“Even journalists in this day and age have lost their mind on social media,” he says.
We can make space for “solutions journalism”, which, as Ford puts it, “is not about balancing bad news with puppies”, but highlighting constructive responses to the challenges that most worry our audiences. We might even take a leaf from Trump’s book by talking less like politicians and acknowledging the existence of communities such as Bowling Green. Most important, perhaps, we can start by admitting we have a deep-seated trust problem that will not go away on its own.
A week in Kentucky has also reminded me of what has not changed: the power of setting down the clearly attributed facts of a big story and the pleasure of well-crafted storytelling.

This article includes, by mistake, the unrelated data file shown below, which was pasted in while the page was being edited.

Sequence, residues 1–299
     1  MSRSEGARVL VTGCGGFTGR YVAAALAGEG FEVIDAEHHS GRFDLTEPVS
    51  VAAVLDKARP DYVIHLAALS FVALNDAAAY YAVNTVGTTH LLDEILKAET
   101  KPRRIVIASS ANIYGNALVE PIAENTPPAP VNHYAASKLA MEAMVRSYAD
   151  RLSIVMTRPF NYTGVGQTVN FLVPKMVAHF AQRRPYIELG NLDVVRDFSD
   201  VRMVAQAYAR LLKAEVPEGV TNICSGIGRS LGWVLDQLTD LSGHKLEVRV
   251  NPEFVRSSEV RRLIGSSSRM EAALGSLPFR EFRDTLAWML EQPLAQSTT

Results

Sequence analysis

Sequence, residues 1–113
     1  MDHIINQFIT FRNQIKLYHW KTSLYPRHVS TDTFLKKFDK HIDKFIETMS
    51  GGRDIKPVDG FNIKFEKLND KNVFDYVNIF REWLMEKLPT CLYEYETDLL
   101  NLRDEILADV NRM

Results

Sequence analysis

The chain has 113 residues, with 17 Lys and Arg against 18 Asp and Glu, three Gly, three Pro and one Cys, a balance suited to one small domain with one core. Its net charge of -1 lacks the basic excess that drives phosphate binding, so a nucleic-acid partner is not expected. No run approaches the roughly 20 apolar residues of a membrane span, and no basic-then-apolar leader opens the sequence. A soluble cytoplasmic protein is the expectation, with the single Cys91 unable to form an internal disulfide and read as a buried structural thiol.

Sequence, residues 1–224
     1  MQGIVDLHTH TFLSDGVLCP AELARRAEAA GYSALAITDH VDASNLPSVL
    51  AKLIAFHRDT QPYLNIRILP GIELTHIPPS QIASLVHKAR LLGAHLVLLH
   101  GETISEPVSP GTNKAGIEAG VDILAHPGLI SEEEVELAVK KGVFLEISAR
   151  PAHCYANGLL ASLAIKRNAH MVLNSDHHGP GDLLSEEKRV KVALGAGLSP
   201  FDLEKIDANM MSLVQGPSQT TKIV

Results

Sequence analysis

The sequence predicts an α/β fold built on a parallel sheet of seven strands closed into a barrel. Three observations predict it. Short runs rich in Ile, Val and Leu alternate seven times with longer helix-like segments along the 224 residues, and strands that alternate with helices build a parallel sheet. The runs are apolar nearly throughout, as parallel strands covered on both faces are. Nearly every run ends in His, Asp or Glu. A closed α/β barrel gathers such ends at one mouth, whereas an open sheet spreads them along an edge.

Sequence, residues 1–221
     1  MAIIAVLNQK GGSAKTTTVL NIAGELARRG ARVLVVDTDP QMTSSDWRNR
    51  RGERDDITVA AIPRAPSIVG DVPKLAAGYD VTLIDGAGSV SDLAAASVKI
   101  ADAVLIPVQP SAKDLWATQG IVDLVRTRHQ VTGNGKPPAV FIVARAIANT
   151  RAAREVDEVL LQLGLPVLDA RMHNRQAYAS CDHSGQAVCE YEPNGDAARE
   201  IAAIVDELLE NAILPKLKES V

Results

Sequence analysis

The year the fake news narrative took off has also seen some memorable journalism. The growth in subscriptions to organisations from the Washington Post to The New Yorker suggests high-quality reporting is being rewarded. Gallup and Reuters/Ipsos polls have even found the number of Americans expressing confidence in the press has ticked up in recent months.
I make one more stop as I drive to Nashville for the flight back to New York. Gold City Grocery is surrounded by fields. At the petrol pump outside, a tractor is refuelling under a sign advertising a cola brand that has not bothered Coke and Pepsi for decades. Inside is what’s known as a liars table, where regulars discuss the issues of the day. The walls are decorated with deer heads; rallying cries for God, the military and the Second Amendment; and a picture of a handgun with the warning to would-be miscreants: “We don’t dial 911”.